There’s a bit of irony in the fact that mortgage rates have been trending downward for the past ten years yet so have underwriting standards. Lower mortgage rates tend to bring customers to the lenders so why on earth would you loosen lending guidelines?
One possible explanation is the growing market share of mortgage brokers who bring in the business to the lenders. Over 70% of mortgage originations today start with a mortgage broker. This in-and-of-itself isn’t necessarily a bad thing. Upper management has placed emphasis on speed and cost but seems to have had little concerns about future risk.
Here’s the results of a recent Federal Reserve survey:
The Federal Reserve released their The April 2006 Senior Loan Officer Opinion Survey on Bank Lending Practices [FRB] last month [hat tip to Mish] and the general pattern showed that lenders were continuing to relax their underwriting standards. In fact, most respondents to the survey reported easing of their lending standards giving more aggressive competition as a primary motivator.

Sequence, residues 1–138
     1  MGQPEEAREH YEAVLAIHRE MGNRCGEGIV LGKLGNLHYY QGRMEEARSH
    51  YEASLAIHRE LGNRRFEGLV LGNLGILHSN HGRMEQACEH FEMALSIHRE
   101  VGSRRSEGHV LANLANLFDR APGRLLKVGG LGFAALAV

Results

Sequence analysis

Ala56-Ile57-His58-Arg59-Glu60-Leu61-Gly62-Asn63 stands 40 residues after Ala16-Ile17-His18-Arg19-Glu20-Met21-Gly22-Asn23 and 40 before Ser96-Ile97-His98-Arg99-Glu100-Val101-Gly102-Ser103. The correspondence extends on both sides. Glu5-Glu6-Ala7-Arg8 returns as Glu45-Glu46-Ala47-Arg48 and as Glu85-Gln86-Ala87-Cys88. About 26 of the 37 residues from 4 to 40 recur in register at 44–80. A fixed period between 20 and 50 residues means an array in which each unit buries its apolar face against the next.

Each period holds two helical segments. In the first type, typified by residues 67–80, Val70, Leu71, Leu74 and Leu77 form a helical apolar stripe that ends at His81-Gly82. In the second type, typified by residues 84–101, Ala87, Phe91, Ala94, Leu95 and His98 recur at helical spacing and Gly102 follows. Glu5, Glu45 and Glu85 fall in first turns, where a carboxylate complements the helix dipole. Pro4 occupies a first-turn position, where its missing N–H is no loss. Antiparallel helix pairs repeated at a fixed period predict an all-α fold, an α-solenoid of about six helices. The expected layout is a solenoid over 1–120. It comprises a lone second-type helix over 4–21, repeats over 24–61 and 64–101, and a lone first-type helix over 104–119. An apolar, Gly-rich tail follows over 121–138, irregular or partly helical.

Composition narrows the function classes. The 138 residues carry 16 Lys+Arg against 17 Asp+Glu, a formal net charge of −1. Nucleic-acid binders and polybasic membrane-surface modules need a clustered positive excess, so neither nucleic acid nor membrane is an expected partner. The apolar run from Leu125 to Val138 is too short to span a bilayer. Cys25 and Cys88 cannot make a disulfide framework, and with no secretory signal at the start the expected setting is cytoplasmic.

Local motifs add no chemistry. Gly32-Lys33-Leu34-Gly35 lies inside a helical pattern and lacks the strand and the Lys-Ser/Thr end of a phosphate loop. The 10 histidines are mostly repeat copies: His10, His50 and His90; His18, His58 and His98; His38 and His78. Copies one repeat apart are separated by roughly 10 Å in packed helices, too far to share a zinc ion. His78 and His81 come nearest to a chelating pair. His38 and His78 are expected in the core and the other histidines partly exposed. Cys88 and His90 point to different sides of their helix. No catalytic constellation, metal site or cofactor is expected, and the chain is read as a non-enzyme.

It will be interesting to see if the July report shows the same trend. We are already starting to see increased sensitivity to underwriting on a first hand basis in our appraisal practice. Mortgage brokers have been hiring us after lenders have been rejecting the ususal appraisal fodder they have been submitting for the past five years.
As a developer, I’ve certainly benefitted from the generous amount of money in the marketplace seeking out a real estate investment. I had not considered the increase in mortgage brokers as a source for looser underwriting standards, however.
Certainly here in DC, mortgage brokers are still looking to fill desks and keep placing loans, but I think the FOMC is right: it is the astonishing amount of money that is now in the industry is leading to looser underwriting standards. Blackstone just closed a huge portfolio, and many, many other companies are finding similar success. Unfortunately, there just are not that many good projects out there that provide the returns these companies are seeking. That means either return the money, look much, much harder for properties, or ‘tinker’ with the revenue projections.
About five years ago, Sam Zell spoke at the NYU REIT conference about the maturation of real estate into ‘yet another investment asset’ and the unimaginable amount of money that would bring. He felt it would continue to be hard to place the money, but that those owners who ran their properties like more traditional investments (ie no reciepts in a shoebox) would reap the benefits.